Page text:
Suddenly I need to lead and coordinate my own team — a team of professionals, each based at their own private practices outside the school environment. It feels to me like climbing Mount Everest without a guide. I find my way and hope and pray you will be prepared to hold our hands and travel this new journey with us — a journey with many detours along the way as we re-evaluate what works and what doesn’t.

I am anxious and fragile when we enter the mainstream school. Not only do I need to develop and maintain relationships with you, but I also need to maintain and develop relationships with new team members (speech/OT/audiology) and keep everyone informed. Then, just as we become accustomed to it all, the process of adapting starts all over again when we are introduced to our new teacher for the new school year.

I do not expect of you to be my son’s only educator. Our home should be an extension of your classroom, so please provide me with weekly objectives and goals.

While you may be worried about his reading level, I’ve been spending the past six months helping him to remember the phonetics of the alphabet. Learning what each letter sounds like, and mastering the ch, th and sh sounds.

While you may be worried about his inability to count in threes and fours, I’ve spent the last four months focusing on teaching him the meaning of difference and equal in the language of math… all this with the help of our speech and language therapist.

While you may be concerned about the fact that he may be “trying too hard” in class, know that it takes effort to listen, process, retain and do… all this while the space around him may be annoying him. Know that sometimes he experiences meltdowns and overload after school.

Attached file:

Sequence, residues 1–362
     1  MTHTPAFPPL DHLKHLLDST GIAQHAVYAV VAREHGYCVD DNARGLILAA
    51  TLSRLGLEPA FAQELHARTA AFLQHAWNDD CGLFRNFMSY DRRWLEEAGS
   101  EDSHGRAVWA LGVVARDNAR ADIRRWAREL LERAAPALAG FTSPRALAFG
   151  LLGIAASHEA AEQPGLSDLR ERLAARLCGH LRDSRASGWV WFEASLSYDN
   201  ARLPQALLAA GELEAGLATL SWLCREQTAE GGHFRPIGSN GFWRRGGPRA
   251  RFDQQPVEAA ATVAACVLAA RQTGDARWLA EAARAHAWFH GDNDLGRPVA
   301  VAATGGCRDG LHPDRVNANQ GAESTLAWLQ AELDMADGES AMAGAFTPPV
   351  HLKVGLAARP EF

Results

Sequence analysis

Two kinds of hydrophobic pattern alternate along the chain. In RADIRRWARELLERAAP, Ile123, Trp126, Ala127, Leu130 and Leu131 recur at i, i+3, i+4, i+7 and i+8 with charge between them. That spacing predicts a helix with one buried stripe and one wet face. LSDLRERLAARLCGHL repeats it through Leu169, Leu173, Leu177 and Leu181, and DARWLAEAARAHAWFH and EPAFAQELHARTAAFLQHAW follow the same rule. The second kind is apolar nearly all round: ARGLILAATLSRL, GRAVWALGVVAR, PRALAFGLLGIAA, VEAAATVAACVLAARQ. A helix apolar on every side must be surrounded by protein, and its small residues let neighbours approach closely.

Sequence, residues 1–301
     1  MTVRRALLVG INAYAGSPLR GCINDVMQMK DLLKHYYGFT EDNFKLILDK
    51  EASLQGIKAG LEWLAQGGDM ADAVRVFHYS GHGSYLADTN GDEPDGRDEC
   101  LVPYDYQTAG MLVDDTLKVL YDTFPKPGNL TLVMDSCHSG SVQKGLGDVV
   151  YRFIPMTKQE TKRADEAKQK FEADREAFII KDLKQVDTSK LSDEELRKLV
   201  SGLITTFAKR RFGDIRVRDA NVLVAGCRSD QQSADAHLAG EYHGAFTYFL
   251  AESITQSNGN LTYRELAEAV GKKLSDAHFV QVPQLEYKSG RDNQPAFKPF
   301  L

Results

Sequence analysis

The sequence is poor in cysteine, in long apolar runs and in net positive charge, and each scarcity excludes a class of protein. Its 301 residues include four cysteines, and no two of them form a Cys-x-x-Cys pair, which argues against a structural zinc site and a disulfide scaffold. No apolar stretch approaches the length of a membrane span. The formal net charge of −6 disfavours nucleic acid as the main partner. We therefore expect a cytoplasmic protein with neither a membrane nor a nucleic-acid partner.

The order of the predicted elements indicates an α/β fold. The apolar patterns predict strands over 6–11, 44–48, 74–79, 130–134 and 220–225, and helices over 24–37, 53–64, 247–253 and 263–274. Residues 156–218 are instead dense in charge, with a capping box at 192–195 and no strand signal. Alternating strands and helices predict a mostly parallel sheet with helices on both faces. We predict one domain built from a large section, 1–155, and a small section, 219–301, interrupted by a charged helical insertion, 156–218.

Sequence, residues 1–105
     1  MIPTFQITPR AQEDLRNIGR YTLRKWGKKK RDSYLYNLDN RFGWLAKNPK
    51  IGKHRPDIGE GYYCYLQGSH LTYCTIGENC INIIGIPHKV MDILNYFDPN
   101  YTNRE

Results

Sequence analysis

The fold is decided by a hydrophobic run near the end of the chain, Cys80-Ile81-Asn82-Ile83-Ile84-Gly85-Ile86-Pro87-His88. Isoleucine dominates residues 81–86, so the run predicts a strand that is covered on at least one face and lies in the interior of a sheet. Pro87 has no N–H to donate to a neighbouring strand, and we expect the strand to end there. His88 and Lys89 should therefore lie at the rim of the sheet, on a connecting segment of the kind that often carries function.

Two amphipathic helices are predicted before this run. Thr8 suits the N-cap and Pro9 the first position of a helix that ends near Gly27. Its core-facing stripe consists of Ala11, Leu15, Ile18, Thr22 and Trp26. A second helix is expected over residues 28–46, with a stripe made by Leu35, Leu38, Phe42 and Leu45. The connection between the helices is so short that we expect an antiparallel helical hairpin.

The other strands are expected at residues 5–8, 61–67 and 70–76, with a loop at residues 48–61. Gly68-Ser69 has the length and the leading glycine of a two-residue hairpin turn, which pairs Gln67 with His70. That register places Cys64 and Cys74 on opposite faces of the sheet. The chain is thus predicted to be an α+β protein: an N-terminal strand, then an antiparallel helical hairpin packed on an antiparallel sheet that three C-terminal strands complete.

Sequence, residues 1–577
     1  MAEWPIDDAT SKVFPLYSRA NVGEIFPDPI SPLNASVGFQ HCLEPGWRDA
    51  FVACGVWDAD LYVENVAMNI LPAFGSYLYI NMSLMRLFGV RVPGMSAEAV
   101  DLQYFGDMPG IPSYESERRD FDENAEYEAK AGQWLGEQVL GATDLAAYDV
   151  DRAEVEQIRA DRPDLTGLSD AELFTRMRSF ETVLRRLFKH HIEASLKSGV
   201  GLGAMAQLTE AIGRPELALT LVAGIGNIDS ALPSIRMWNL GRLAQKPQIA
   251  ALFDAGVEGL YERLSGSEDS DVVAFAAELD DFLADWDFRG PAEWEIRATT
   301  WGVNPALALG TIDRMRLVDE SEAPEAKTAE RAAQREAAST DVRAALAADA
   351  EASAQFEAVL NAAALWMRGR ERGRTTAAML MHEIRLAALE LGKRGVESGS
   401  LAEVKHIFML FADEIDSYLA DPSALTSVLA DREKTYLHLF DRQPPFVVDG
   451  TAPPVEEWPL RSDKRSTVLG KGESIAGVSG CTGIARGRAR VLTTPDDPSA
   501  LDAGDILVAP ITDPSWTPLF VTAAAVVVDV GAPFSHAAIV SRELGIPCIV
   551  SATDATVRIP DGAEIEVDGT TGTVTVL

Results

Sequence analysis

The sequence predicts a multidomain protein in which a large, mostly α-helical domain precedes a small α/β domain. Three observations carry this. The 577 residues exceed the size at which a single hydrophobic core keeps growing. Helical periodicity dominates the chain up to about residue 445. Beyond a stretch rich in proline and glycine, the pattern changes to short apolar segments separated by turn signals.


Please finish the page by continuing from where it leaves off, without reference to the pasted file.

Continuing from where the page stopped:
Mainstream classroom teacher, I thought I’d share this letter with you because there is so much more that goes into educating and developing my child than the five hours he spends with you at school.

I want you to know that I do not expect you to facilitate a one-on-one teaching approach. I appreciate that the other 29 students are equally entitled to as much support as my child.

All I ask is that you understand his special needs in the classroom and be open to his communication tools. From time to time, I may request a meeting with you to provide some feedback or to discuss his progress or challenges in the classroom or at home.

I ask for your compassion and support. Please understand that you are my mainstream guide, my person on the inside.

Most importantly, do not lower your expectations for my child. He is very capable. Do not see his challenges with sensory processing and hearing as a limitation on his ability. See it as an opportunity to embrace difference, an opportunity to learn something new, an opportunity to develop a diversely different approach to educating a child, an approach, that in the end, will benefit the other 29 peers in his class.

Dearest mainstream classroom teacher, welcome to our team! Together we learn, together we grow.

Thank you!

Follow this journey on Chev’s Life.

Image via Thinkstock Images

Originally published: September 16, 2016